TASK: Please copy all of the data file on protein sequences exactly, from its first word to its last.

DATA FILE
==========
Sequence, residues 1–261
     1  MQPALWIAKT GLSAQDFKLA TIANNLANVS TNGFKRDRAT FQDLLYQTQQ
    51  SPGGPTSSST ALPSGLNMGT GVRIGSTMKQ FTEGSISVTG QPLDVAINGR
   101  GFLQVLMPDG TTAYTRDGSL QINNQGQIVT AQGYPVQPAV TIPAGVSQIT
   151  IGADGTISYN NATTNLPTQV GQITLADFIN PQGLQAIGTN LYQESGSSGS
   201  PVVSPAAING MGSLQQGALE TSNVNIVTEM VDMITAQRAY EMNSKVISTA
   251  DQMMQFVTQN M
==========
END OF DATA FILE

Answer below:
Sequence, residues 1–261
     1  MQPALWIAKT GLSAQDFKLA TIANNLANVS TNGFKRDRAT FQDLLYQTQQ
    51  SPGGPTSSST ALPSGLNMGT GVRIGSTMKQ FTEGSISVTG QPLDVAINGR
   101  GFLQVLMPDG TTAYTRDGSL QINNQGQIVT AQGYPVQPAV TIPAGVSQIT
   151  IGADGTISYN NATTNLPTQV GQITLADFIN PQGLQAIGTN LYQESGSSGS
   201  PVVSPAAING MGSLQQGALE TSNVNIVTEM VDMITAQRAY EMNSKVISTA
   251  DQMMQFVTQN M